Family planning

We understand that having a rare genetic condition can throw up all sorts of questions about the future.

To help you think through your options we have outlined how XLH passes from parent to child, and outlined some aspects to consider when the time comes to have a family.

Genetics

X-linked genetic disorders are caused by genes on the X chromosome.

Genetic transmission refers to the passing of genetic traits or disorders from one generation to the next through genes. XLH is an X-linked dominant disorder caused by a dominant gene located on the X chromosome.

X and Y are the sex chromosomes, and they specify whether a person is female (usually XX) or male (usually XY). Genetic disorders with an X-linked inheritance pattern affect males and females differently.

In X-linked dominant disorders, a single copy of the mutated gene on one of the X chromosomes is sufficient to cause the disorder in both males and females. This means that if a person inherits the mutated gene from either their mother or father, they will have the disorder.

So, if you are a female with XLH there is a 50/50 chance that children of either sex will have XLH. If you are a male with XLH, your daughters will definitely inherit XLH, but your sons will not.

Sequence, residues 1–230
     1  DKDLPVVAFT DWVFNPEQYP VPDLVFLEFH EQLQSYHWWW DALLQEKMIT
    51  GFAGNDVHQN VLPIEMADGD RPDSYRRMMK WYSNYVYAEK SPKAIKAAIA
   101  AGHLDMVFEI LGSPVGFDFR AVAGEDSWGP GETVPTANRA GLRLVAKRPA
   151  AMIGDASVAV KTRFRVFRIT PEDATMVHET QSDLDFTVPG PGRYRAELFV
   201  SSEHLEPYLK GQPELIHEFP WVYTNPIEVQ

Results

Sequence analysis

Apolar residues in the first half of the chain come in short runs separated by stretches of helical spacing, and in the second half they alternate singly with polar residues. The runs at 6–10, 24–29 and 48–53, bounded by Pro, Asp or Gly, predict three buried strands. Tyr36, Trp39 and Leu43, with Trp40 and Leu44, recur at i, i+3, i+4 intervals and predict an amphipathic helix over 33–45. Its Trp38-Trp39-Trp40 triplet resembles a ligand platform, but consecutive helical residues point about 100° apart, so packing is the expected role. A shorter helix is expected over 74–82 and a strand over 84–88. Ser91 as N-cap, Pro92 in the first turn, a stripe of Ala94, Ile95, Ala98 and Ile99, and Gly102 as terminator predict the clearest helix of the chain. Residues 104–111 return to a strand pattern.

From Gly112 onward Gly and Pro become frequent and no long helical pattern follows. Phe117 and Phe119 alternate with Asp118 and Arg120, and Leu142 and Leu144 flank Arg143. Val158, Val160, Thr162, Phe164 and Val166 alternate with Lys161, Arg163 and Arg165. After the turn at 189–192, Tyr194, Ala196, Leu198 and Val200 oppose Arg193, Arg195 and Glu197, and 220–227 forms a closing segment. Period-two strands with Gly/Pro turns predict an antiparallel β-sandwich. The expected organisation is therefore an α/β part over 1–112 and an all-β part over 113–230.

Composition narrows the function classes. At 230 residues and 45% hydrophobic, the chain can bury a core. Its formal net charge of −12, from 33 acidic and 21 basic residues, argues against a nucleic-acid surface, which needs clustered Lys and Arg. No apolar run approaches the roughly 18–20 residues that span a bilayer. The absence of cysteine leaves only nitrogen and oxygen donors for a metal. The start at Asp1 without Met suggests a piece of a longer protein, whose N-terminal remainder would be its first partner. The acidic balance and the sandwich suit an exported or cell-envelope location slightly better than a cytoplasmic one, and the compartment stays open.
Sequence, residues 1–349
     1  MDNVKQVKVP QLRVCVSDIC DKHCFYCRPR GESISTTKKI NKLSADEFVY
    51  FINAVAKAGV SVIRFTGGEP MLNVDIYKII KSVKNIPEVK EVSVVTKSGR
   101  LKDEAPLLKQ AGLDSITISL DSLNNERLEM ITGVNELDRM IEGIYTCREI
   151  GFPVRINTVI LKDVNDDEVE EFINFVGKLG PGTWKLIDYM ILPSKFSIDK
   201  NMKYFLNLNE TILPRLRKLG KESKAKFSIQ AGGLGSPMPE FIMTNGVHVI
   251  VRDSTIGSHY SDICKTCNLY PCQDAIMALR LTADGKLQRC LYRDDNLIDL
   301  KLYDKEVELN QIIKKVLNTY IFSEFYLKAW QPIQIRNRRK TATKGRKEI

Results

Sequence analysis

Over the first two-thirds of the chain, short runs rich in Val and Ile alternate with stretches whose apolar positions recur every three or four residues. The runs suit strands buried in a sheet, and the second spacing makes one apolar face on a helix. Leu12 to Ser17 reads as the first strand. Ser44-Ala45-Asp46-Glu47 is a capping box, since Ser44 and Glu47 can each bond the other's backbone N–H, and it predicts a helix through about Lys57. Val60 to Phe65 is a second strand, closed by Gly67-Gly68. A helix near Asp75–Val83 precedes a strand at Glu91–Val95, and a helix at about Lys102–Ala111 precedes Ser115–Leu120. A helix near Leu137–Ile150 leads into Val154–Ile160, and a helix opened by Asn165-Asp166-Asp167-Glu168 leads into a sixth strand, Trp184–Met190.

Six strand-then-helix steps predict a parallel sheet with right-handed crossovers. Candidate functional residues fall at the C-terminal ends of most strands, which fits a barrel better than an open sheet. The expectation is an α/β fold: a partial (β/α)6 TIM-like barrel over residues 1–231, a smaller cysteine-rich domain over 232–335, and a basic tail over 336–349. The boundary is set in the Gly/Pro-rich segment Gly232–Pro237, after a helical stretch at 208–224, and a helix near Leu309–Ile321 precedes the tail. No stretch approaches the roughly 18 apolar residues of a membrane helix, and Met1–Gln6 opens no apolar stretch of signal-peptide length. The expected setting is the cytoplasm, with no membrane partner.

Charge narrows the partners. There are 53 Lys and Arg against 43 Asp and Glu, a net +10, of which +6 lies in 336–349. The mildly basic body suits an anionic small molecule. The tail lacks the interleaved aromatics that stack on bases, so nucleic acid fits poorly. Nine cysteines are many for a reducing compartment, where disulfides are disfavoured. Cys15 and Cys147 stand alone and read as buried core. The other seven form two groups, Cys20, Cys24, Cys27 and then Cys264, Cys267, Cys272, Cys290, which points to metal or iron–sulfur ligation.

If you wish to learn more about genes and genetic transmission we recommend this site https://learn.genetics.utah.edu/

Pregnancy

During pregnancy, it’s essential to monitor and perhaps adjust vitamin D levels and consider higher phosphate supplements if needed. Pregnant women already on active vitamin D and phosphate supplements may continue it. Breastfeeding is encouraged for new mothers, regardless of whether they are on conventional treatment or not.

Pregnant women may experience additional pain throughout pregnancy due to the additional demands on the body. It is recommended that patients with rare bone conditions should receive close surveillance by healthcare professionals, beginning at preconception.

Family planning and IVF

In-vitro fertilisation (IVF) can be used to avoid passing on a genetic condition. Pre-implantation genetic testing for monogenic or single-gene disorders (PGT-M), previously known as pre-implantation genetic diagnosis (PGD), is a type of embryo testing that can be used by people with serious inherited conditions in their family. Only embryos that have been tested and found to be free of the condition are placed back into the woman’s womb.
The Human Fertilisation and Embryology Authority in the UK recognises that XLH is a serious inherited condition and has approved XLH for PGT-M.